Posts Tagged ‘local anesthesia

Dental treatment

Our results indicate that there is clinical meaningfulness for a variety of powerful psychosocial and cultural influences that come to bear on the perceived need for anesthetic in tooth drilling. Although gender and age affected Scandinavians to some degree, pain beliefs by […]

Avoiding Disturbing Effects of Numbness.

Although nonuse of anesthetic among Anglo-Americans was rare, American dentists most frequently said that Anglo-American patients wanted to avoid the feeling of numbness after the appointment to have full control of their tongue, lips, and cheeks. These often have social implications such as embarrassment, as a 40-yr-old male Anglo-American dentist described:

Frequency Distributions for Nonuse of Local Anesthetic

American dentists (n = 51) reported a median of 1% of patients not using anesthetic compared with 90% among Chinese (n = 31) and 37.5% among Scandinavian dentists (n = 40). American patients (n = 112) reported 6% nonuse of anesthetic compared with 90% of 159 Chinese and 54% of 125 Scandinavians (Danes = 54/87; Swedes = 13/38). Danes were over three times […]

Subjects were 163 Anglo-Americans from Seattle, WA (n = 112) and Columbus, OH (n = 51), 195 Mandarin Chinese from Taipei, Taiwan (n = 140) and mainland China (n = 55) and 167 Scandinavians (n = 112 Danes from Arhus, Denmark and n = 55 Swedes from Go-teborg and Linkoping, Sweden); a total of 129 dentists and 396 patients. The pool of subjects was drawn from public and private dental […]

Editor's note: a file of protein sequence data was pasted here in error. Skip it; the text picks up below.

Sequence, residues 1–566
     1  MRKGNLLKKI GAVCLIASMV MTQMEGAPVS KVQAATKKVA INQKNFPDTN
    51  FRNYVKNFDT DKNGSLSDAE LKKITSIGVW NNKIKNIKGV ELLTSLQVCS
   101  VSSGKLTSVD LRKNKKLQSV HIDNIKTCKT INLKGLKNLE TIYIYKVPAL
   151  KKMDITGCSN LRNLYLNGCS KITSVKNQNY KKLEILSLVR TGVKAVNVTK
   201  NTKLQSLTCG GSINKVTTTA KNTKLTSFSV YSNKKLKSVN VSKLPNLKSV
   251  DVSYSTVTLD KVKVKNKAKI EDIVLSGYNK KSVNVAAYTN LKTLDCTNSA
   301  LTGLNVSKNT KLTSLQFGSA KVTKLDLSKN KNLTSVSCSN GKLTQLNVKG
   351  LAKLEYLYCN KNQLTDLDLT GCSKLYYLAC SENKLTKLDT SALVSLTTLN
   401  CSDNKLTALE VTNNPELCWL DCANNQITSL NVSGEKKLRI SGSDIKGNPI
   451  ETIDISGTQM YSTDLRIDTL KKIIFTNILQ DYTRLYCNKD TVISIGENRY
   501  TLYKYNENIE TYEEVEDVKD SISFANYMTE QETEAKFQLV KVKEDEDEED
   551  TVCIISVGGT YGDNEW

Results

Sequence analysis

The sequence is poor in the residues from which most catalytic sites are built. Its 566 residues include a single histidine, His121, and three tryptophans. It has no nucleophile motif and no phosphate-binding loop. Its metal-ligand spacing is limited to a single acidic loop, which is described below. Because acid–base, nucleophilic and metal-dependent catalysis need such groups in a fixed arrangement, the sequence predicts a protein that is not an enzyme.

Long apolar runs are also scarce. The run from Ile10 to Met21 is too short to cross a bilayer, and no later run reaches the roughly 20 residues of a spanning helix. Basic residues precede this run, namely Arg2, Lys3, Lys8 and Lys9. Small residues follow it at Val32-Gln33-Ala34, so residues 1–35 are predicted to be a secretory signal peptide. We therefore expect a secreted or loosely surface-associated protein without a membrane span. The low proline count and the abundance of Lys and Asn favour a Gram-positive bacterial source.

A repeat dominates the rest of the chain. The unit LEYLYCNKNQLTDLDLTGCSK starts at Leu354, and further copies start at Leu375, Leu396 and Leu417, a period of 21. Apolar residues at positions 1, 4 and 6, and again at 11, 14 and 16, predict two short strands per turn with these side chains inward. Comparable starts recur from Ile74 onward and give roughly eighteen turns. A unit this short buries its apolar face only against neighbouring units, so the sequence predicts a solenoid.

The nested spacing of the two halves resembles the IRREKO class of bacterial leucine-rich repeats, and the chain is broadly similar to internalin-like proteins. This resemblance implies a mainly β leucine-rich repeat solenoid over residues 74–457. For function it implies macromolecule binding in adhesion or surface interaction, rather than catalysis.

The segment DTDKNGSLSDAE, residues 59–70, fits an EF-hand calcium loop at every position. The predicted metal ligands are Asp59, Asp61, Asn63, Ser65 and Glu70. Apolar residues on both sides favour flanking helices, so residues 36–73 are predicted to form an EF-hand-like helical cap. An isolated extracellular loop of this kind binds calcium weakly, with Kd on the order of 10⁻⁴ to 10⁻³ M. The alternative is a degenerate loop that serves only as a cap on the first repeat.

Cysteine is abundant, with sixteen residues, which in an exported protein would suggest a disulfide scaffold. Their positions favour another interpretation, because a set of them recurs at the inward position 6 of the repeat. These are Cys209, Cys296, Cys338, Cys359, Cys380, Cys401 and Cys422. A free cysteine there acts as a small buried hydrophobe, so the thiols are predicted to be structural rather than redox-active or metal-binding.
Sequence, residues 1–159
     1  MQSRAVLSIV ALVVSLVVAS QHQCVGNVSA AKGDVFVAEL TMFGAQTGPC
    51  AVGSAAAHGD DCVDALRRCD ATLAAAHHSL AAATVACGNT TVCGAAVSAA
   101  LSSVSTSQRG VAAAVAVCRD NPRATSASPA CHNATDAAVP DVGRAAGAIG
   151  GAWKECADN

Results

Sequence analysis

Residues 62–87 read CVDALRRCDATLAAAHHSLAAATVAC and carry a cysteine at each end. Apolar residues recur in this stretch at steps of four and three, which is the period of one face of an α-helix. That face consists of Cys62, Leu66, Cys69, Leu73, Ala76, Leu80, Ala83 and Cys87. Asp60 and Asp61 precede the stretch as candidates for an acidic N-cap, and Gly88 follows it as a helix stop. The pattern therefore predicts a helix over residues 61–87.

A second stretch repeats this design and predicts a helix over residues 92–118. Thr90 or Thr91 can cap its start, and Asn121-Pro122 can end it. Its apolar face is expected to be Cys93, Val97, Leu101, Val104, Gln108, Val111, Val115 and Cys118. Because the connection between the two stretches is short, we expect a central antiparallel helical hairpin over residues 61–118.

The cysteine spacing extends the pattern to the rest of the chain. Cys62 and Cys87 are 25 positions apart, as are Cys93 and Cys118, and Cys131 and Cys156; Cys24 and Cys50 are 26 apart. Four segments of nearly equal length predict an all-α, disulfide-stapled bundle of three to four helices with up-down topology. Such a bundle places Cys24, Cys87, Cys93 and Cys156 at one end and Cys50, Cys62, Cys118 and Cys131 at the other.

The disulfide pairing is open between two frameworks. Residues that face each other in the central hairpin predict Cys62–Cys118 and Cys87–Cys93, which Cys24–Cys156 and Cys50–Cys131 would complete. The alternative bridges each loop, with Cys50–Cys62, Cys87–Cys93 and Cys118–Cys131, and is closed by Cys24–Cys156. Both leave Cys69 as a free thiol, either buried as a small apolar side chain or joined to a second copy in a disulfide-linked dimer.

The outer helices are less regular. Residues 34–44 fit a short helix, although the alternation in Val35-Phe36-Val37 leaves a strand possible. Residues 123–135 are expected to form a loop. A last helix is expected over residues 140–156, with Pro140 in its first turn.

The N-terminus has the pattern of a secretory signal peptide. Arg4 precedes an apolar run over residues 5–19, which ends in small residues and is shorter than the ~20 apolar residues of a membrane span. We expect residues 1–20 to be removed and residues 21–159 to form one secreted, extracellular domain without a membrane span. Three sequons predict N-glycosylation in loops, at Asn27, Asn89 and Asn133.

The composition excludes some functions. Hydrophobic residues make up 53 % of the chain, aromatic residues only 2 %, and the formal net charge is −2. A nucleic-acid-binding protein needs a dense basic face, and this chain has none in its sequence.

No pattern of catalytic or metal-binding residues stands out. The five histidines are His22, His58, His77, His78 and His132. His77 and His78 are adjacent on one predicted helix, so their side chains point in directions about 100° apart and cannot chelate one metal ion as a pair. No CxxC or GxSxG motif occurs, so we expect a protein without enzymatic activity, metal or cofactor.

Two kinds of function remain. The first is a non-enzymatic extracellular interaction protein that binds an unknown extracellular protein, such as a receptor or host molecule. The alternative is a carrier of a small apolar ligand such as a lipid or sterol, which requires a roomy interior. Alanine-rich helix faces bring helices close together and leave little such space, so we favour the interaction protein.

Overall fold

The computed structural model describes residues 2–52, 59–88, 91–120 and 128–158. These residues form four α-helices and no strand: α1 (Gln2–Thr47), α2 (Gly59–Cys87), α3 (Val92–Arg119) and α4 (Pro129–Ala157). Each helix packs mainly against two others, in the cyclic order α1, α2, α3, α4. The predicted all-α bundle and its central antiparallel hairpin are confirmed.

Perceived Need for Local Anesthesia

Even though pain has elements of both physiological response and psychosocial conditioning, only a few studies have tried to reveal how pain attains meaning or emotional significance from the nature of the social or cultural context […]


The use of the 80 reading as a criterion for pulpal anesthesia was based on the studies of Dreven et al and Certosimo and Archer. These studies showed that no patient response to an 80 reading ensured pulpal anesthesia in vital asymptomatic teeth. Additionally, Certosimo and Archer demonstrated that EPT readings less than 80 resulted […]

Twenty-three males and 7 females from age 19 to 43 years (average 24 years) participated in this study. One hundred percent of the subjects had subjective lip and tongue anesthesia with the IAN blocks. The discomfort ratings of solution deposition for the IAN blocks are presented in Table 1. There were no significant differences (P > .05) between the solutions.

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Blog invites submissions of review articles, reports on clinical techniques, case reports, conference summaries, and articles of opinion pertinent to the control of pain and anxiety in dentistry.